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NWCS youth learn subtleties of ATV safety

CHESTERTOWN - Several dozen North Warren Middle School students learned recently safe operation of all-terrain vehicles isn't limited to limiting the speed and staying alert, but it involves choices before a rider even gets onto one of the machines.

During the last week of October, the seventh and eighth grade students of North Warren Central participated in a 4-H all-terrain vehicle safety program conducted by Warren County Cooperative Extension staff. The focus of the program's two sessions was to educate youth regarding safety practices, sound decision-making, and taking responsibility when using an ATV.

Through the program, the students learned that safe operation can depend on a rider choosing an ATV of appropriate size and power to match their stature, Extension agent John Bowe said.

The program was delivered in two sessions. The first session was a classroom session where youth read a news article about a student their age who suffered permanent brain damage after crashing an ATV while riding down a paved, residential road. The students correctly identified what state laws the youth would have broken if the accident occurred in Chestertown - breaking the speed limit, not wearing a helmet, and riding an ATV on a paved, public roadway.

The students had some hands-on experience to figuratively drive their lessons home - most of them rode ATVs on the school's former baseball field in a second session.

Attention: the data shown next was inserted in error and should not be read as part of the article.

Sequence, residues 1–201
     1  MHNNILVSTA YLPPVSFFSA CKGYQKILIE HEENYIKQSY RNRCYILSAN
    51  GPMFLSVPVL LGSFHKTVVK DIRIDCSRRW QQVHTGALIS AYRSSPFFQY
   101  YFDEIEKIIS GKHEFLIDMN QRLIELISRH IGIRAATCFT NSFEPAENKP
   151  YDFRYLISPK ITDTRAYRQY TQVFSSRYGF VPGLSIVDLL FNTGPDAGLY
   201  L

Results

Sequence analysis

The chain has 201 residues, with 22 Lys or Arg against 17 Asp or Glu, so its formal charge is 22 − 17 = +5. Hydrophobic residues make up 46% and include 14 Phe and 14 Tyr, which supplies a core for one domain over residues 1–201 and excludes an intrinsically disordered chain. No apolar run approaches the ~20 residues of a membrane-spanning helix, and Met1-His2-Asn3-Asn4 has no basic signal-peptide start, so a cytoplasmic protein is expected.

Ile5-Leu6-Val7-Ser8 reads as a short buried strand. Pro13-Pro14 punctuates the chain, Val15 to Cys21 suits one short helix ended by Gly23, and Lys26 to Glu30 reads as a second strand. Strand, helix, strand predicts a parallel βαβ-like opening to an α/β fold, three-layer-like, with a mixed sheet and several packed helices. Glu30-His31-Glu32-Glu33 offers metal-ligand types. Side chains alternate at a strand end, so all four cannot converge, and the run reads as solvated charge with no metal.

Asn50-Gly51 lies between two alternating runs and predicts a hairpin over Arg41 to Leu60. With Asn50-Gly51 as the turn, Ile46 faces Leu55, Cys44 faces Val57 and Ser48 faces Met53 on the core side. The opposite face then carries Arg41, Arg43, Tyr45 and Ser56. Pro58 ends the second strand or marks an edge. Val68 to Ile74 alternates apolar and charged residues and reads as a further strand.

Students who chose to ride selected one of the two ATVs, either a 90cc which is recommended for this age group or a 250cc model which is sized for larger teens.

Cooperative Extension leaders explained many students who are taller or heavier at this age, or 12 to 14 years old, actually create a safety hazard by riding the smaller class ATVs that are generally recommended for them.

Students were asked first to perform basic starting and stopping techniques, and then to navigate a short set of cones. A portion of the pupils traversed a simulated trail, two ATVs at a time. Also reviewed was the importance of maintaining distance between the ATVs and looking through turns or corners to avoid traffic or obstacles.

Those seeking information about ATV safety for youth or about the 4-H programs are welcome to call Warren County Cornell Cooperative Extension at 623-3291.

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